southern doc
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southern doc

Addendum: as we move to EMRs, with the expectation that the note be completed during the office visit in order to maintain productivity, inaccuracies and discrepancies will become more common, and will be spread throughout your entire record, becoming more difficult to correct and remove.

southern doc
Guest
southern doc

Thanks for the clarification. I understand your concerns now.

Lisa
Guest
Lisa

I understand that I have not given you enough information to fully understand the situation, so your conclusions are based on a subset of the history/decision making, etc., that occurred. I’m sorry I won’t explain this in gory detail to give you the big picture – that wasn’t the point. This went on a tangent about what you thought I meant by “event” – I’ll just refer back to my original comment regarding discrepancies in the record contents and what I was told or not told. Perhaps originally I should have just mentioned the first two examples – incorrect information… Read more »

southern doc
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southern doc

The doc’s note is a analytical synthesis of the most important aspects of the history, exam, and decision making process during and after the office visit.

If you expect a documentary record of everything that occurs during that visit, it is up to you to create your own record, or to audiotape or videotape the visit.

Sorry, but your expectations of what should be in the medical record are unrealistic.

Regards.

Lisa
Guest
Lisa

Southern doc … I think I was pretty clear about my thoughts regarding notes made during visits. Going into any more detail isn’t really relevant to that original point. Regards.

southern doc
Guest
southern doc

A sharp pain in your ear was an event that negatively impacted your health?

Sorry, we’re not talking the same language.

Lisa
Guest
Lisa

As this event was something that occurred during my visit and negatively impacted my health, I asked that the event be put in my record.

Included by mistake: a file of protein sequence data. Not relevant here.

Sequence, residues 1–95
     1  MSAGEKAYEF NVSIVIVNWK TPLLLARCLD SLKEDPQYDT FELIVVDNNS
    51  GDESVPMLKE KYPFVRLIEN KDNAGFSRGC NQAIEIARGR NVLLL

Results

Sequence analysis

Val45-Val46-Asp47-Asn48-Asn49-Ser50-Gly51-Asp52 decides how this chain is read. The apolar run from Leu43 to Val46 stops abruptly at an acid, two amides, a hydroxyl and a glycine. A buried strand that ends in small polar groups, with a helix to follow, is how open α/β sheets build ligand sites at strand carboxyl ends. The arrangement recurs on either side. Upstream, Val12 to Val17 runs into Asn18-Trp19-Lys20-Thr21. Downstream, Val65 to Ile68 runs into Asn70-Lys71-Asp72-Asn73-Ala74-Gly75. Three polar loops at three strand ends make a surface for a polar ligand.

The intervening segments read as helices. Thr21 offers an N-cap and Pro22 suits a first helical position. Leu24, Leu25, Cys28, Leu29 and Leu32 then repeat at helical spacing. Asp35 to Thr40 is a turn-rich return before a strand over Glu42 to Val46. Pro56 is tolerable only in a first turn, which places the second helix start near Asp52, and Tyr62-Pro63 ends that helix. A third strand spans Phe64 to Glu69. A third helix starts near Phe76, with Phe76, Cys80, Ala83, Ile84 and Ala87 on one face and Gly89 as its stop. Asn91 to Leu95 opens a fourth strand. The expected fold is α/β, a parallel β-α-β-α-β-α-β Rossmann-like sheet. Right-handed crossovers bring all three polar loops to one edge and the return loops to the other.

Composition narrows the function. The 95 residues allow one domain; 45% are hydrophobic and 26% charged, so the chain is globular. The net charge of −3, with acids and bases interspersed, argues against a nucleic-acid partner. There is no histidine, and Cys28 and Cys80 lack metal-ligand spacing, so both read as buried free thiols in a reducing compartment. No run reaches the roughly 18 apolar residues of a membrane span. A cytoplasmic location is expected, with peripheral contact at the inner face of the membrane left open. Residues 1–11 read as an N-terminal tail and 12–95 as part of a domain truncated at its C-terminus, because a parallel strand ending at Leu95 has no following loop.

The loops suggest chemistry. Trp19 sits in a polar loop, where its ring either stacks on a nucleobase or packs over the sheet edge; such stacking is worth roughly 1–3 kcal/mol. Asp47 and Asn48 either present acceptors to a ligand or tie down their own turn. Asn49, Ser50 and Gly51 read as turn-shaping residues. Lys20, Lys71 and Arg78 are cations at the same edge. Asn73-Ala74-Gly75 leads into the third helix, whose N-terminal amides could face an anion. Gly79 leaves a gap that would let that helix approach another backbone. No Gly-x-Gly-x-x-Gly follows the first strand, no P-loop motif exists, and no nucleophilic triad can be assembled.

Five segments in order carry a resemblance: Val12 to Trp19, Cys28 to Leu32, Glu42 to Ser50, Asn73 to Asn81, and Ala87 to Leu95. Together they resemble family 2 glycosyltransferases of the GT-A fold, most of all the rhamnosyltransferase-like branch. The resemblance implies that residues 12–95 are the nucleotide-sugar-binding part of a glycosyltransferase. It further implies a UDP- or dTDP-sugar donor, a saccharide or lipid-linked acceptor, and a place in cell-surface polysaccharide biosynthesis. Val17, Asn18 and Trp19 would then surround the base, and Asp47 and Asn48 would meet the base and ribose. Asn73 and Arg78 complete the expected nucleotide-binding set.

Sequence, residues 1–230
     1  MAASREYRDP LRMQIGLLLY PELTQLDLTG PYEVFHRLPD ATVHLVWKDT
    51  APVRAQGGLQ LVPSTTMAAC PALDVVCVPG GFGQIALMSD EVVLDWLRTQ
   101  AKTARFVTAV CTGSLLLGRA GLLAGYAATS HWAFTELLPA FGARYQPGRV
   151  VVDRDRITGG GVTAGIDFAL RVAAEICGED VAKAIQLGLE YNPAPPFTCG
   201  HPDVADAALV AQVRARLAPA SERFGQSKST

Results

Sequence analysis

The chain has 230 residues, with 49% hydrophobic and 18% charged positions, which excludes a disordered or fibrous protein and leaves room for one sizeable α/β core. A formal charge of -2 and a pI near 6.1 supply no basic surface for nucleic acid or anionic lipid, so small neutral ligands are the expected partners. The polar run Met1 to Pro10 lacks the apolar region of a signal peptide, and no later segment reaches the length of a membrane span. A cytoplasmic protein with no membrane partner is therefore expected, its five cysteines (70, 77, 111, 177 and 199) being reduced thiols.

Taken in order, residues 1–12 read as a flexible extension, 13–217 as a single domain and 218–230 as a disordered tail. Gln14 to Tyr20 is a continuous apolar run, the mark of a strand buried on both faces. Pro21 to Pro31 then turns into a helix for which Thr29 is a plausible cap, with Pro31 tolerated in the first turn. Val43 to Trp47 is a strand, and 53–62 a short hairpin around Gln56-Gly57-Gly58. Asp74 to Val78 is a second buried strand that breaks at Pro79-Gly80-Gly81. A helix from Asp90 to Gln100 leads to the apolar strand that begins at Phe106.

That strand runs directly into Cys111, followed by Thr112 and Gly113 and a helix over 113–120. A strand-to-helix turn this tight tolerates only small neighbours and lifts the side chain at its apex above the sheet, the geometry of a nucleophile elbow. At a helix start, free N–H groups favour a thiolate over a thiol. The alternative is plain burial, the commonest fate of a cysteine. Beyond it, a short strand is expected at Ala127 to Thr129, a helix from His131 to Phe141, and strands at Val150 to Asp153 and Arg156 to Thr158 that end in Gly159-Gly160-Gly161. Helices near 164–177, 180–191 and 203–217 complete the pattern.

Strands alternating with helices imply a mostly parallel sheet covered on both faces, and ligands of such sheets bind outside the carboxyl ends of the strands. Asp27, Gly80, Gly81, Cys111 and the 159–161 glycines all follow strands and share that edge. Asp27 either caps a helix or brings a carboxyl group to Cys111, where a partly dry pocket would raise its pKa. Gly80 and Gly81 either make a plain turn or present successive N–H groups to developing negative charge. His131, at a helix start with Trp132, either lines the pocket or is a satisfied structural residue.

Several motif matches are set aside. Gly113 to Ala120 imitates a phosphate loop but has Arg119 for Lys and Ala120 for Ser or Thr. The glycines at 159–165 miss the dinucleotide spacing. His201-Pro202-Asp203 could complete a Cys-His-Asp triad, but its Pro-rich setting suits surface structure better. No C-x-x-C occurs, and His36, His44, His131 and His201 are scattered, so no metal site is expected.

southern doc
Guest
southern doc

Again, why did your yell need to be a part of your permanent medical record?

Lisa
Guest
Lisa

southern doc … I was there simply to get a prescription refill for something unrelated. She was doing the routine screen – “take BP, listen to your heart, look in your nose and ears.” My ears were fine – no infection or anything.

Lisa
Guest
Lisa

I want the doc and patient to discuss the notes before the visit is completed. I’ve seen incorrect info much later, and seen a diagnosis years later that I was never told about. Recently the doc pushed an otoscope so far in my ear I reflectively yelled. I asked that the event be put in my chart. I was told it was. I had to call back (unrelated issue) and wanted to confirm it was added to my chart. It was not. I had to go back to the clinic and demand it be included. The doc blew me off… Read more »

MD as HELL
Guest
MD as HELL

Keep your own record. The quality of the encounter should not be affected by the record. If it is, then one of you had a hidden agenda and were not honest in the encounter.

southern doc
Guest
southern doc

“Recently the doc pushed an otoscope so far in my ear I reflectively yelled. I asked that the event be put in my chart.”

Why?

Dr. Mike
Guest
Dr. Mike

Try and imagine having all your conversations and activities documented by another party, and that the other party assumes that you are potentially going to sue them someday. How would that change what they document about what was or wasn’t said in each conversation or what was or wasn’t done in each activity? You should try it yourself – after the fact, document a conversation or activity, and assume that the other person will sue you. See if you can write a note that doesn’t cast your words and actions in the best possible light. Now imaging the other person… Read more »